Local Apprentices, Instructors Reflect on Learning Around Covid

By Oren J. Peleg, Contributing Writer

The apprenticeship program classes that all building trades union members must complete when they join up are a rite of passage. But over the last couple of years, as the pandemic has changed all of our lives, the apprenticeship classes have changed, too.

The starkest shift was the lack of in-person interaction as classes went online, said Noreen Buckley, a journeyworker and member of IBEW Local 6 for six years now. She began her classes in 2016 and was halfway through the first semester of her fourth year when the pandemic hit.

“They did an awesome job,” Buckley said of Local 6’s transition. “We literally didn’t miss a beat, and they just kind of switched our spring break so that week, when everything kind of happened, we were on break, and then, during what was to be our spring break, we were back in class.”

Only one thing was different: Buckley and her fellow apprentices were back in class via Zoom. She said that although the curriculum remained the same and the teachers successfully adapted instruction to the situation, she missed the in-person camaraderie more than anything else.

“When you’re with your class, it’s 20-something people, and you’re not with them all the time but every six weeks or every other night, depending on where you are in the program,” Buckley said. “You come in and just talk about your jobsite, about what’s going on in your life.

“One of my classmates has had three kids. A lot happens in your life in the five years [you’re in those classes], and you miss that ‘What’s up with you?’ and ‘Have you been there?’ kind of stuff. That’s probably the hardest part of it all.”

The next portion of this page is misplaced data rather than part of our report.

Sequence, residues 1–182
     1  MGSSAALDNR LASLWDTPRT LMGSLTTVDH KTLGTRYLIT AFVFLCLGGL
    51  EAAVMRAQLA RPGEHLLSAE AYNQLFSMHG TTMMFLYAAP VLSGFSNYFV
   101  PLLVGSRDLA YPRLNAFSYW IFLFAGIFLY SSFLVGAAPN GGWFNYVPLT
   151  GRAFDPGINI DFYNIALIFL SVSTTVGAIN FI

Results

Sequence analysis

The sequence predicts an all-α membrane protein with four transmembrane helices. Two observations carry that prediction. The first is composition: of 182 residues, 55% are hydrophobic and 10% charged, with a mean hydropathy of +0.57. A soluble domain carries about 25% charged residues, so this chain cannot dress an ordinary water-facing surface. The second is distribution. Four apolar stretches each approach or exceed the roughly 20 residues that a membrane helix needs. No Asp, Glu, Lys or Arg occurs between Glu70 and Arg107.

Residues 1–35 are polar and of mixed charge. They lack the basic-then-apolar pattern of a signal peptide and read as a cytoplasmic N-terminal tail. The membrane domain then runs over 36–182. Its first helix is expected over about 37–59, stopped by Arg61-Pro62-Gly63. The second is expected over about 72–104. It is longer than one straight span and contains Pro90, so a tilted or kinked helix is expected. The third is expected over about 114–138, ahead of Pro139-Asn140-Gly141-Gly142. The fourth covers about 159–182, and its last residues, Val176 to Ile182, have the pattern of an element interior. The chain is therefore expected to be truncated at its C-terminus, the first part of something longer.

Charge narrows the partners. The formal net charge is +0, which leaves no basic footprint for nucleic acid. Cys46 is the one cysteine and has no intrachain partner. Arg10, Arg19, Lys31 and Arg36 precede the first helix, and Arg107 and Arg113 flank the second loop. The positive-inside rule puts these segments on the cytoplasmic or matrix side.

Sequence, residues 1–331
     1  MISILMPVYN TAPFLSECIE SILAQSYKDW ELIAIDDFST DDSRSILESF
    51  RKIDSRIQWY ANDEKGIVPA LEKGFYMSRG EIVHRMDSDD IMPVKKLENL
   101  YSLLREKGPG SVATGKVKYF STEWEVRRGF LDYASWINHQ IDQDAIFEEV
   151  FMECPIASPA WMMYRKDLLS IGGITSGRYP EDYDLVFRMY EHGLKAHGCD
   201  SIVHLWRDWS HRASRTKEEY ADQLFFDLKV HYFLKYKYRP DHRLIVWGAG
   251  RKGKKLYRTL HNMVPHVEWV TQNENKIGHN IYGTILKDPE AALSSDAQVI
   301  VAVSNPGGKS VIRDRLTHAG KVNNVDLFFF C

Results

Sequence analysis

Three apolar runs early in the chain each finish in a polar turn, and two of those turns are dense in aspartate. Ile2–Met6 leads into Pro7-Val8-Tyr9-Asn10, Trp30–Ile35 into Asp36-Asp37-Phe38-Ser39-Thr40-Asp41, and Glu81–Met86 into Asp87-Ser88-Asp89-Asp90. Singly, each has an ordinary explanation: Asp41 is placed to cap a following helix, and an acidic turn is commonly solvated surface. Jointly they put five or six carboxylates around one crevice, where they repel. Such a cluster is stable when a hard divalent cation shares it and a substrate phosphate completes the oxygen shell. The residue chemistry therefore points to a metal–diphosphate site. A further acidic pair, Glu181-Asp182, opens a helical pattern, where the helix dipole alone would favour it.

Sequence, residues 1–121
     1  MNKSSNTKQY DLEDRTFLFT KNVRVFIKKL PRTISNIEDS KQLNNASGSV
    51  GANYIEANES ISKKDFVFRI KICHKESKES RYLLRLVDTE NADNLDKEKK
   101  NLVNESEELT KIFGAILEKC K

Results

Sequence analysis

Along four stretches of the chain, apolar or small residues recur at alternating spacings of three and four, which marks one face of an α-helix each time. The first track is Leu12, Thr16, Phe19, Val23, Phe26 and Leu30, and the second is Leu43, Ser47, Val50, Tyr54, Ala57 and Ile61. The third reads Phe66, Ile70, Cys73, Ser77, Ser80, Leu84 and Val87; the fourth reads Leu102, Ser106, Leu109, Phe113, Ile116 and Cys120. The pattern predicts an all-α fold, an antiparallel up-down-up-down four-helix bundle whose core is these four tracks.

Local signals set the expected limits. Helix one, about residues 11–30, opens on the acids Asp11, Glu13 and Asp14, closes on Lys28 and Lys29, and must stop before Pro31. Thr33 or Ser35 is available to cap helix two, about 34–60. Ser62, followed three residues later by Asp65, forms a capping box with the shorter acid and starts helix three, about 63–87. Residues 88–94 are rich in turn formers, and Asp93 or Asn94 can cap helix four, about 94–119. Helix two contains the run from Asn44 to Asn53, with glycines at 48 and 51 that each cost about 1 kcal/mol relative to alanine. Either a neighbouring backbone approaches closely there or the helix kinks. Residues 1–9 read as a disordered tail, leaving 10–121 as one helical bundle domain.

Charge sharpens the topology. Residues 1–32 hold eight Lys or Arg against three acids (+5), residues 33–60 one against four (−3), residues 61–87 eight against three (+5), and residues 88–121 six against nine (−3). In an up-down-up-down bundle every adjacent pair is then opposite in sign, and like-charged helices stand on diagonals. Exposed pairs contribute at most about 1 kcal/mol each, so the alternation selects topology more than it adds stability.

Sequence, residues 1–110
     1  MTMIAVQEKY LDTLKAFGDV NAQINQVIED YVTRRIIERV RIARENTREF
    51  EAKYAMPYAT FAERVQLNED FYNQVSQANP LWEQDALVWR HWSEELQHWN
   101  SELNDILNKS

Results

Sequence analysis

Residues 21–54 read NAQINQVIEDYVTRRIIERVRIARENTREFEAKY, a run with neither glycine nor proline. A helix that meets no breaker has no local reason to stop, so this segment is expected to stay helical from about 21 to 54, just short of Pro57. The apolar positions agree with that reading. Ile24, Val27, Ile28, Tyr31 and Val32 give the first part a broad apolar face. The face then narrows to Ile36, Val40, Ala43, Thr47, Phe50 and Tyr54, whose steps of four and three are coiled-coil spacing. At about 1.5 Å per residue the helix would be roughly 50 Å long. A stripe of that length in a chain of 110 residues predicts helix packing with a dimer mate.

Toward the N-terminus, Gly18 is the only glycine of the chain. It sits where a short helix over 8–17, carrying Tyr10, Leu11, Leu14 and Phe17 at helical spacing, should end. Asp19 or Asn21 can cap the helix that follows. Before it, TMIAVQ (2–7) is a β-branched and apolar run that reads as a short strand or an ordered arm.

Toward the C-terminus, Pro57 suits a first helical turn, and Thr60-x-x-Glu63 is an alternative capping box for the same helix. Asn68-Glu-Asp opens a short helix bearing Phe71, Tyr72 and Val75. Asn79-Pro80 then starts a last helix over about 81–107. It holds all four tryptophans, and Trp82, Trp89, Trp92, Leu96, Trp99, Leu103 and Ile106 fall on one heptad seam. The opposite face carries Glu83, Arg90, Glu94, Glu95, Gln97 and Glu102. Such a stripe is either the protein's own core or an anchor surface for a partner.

If an apprentice is feeling that union-family camaraderie is hard to come by, one foreman and 20-year IBEW member has some words of reassurance and advice.

“We’re all brothers and sisters in the local,” said David Pudoff, who originally went through apprenticeship classes for the Sound and Communications division from 2004 to 2007 and then returned to classes for inside wireman training from 2014 to 2019. “Always feel free to ask questions. If you’re struggling with anything, everybody is more than willing to help out.”

For Fernando Soto, who is currently taking apprenticeship classes with Plasterers Local 66, the benefits are clear.

“You learn things that you’re going to do in the field,” he said. “You’re learning skills to help you get better at your trade — skills that you’re going to keep for your whole life.”

“They’re going to put you in a situation in which you might not want to be there, but you have to get it done,” said Pedro Perez, a fellow apprentice with Local 66. “So, that just helps you overcome whatever obstacles you’re going to encounter in any jobsite.”

Ultimately, the apprenticeship classes remain a setting where new union members successfully learn their trade and bond with one another, even if the pandemic has changed things up a bit.

“All around, the apprenticeship classes are striving to help you succeed,” Pudoff concluded. “All the tools are there if you’re willing and wanting to utilize them. I really enjoyed going to the programs.”

Organized Labor


Sign Up Now


Go to top